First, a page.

Neighbors Pressure Drug Trade 

Neighbors Pressure Drug Trade 
Posted by FoM on January 12, 2000 at 14:46:23 PT
By Andrew Padilla Journal Staff Writer 
Source: ABQjournal
A local elementary school principal has been given an ultimatum by residents living near her rental property: evict your drug-dealing tenants or risk losing your property in court. Officials with La Mesa Community Improvement Association and with the District Attorney's Office say drug dealing at the apartment complex in the 200 block of Dallas NE, near the State Fairgrounds, has gotten out of hand.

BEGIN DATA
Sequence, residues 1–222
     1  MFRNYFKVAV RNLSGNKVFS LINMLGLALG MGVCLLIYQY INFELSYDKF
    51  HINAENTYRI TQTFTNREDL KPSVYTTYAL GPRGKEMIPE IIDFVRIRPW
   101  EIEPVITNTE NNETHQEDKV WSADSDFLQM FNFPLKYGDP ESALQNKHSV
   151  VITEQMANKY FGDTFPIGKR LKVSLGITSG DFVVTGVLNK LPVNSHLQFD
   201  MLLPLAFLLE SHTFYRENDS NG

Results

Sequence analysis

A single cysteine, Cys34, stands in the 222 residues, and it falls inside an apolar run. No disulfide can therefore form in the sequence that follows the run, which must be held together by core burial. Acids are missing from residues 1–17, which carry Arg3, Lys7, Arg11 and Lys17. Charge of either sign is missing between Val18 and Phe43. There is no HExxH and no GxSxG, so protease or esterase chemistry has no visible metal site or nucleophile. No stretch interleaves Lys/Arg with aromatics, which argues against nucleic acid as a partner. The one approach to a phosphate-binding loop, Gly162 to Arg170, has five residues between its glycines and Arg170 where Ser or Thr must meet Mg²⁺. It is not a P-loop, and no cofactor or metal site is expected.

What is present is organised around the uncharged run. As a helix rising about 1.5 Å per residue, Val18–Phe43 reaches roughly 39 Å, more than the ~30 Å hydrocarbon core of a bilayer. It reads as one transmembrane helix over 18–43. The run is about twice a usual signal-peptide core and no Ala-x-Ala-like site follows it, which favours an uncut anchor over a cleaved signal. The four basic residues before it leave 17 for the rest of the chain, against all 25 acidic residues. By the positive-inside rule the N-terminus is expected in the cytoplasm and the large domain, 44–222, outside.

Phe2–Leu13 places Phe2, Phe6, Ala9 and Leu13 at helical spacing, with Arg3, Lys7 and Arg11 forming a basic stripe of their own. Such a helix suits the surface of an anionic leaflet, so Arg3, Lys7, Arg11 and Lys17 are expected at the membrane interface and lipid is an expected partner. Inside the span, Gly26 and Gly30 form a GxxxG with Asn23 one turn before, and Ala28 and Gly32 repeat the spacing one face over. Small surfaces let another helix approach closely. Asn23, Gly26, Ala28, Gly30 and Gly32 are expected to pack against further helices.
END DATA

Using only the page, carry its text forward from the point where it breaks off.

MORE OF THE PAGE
Police records show that over the past two years 10 people in the eight-unit complex have been arrested and charged with drug trafficking.   Members of the association say they have tried to help complex owner Lillian M. Torrez clean it up by setting up meetings with law enforcement officials and recommending ways to deal with tenants involved in criminal activity, but she has refused their assistance.   Now they are prepared to take Torrez, principal at Eugene Field Elementary School, to court for maintaining a public nuisance.   "There are quite a few people that are willing to do this with (Torrez) because they've already tried to work with her and they're getting fed up," said Pat Herring, head of La Mesa's landlord association.   But Torrez said Tuesday the group hasn't tried to help her. In fact, it has kept her from renting the apartments to good people, she said.   She said about 40 people had expressed interest in renting, but her screening was too tough. Others who were still interested decided not to rent because neighbors told them the apartments were a bad place to live.   "I can't get anybody to live there because they (anonymous neighbors) keep giving that place a bad reputation," Torrez said.   Torrez said only three apartments are rented and she has lost about $40,000 since 1997.   She has been trying to sell the complex, and a purchase agreement has been signed. But problems with the title have kept the transaction from going through.   She said the association hasn't been able to show evidence that illegal activity has been occurring at the complex lately -- aside from at an apartment that the new owner rented after the purchase agreement was signed.   She expects to file a lawsuit against the neighborhood association for harassment.   "I don't know where to go now, other than have my attorney go after them," Torrez said.   According to the city's public nuisance abatement law, if the complex is found to be a nuisance, a judge could either order Torrez to evict the drug dealers, shut down the complex for a year, or even force her to forfeit it to the city.   Valorie Vigil, neighborhood liaison for District Attorney Jeff Romero, said Romero is also considering either a civil or criminal lawsuit against Torrez.   But Vigil said Romero might wait to see what the residents do first.   This is not the first time Torrez has been under fire for having alleged drug dealers living in her apartments.   In early 1997, Torrez, who was known then as Lillian M. Cruz, had been criminally charged with violating the city's abatement law.   At the time, Torrez said she had just purchased the property and did not know there was illegal activity taking place there.   The city later dropped the charges after she evicted several of the alleged drug dealers.   Herring said it didn't take long for drug dealing there to begin again.   "Nothing really happened," Herring said. "(Torrez) would clean it up, but the property would slip back into its problem."   Last month, police arrested three people on the same day for trafficking drugs at the complex.   Police records show that Fabiola Caraveo, 20, Roberto Rincon, 32, and Pedro Urieta, 21, were arrested on Dec. 4. Published: Wednesday, January 12, 2000 Copyright  1997 - 2000 Albuquerque Journal
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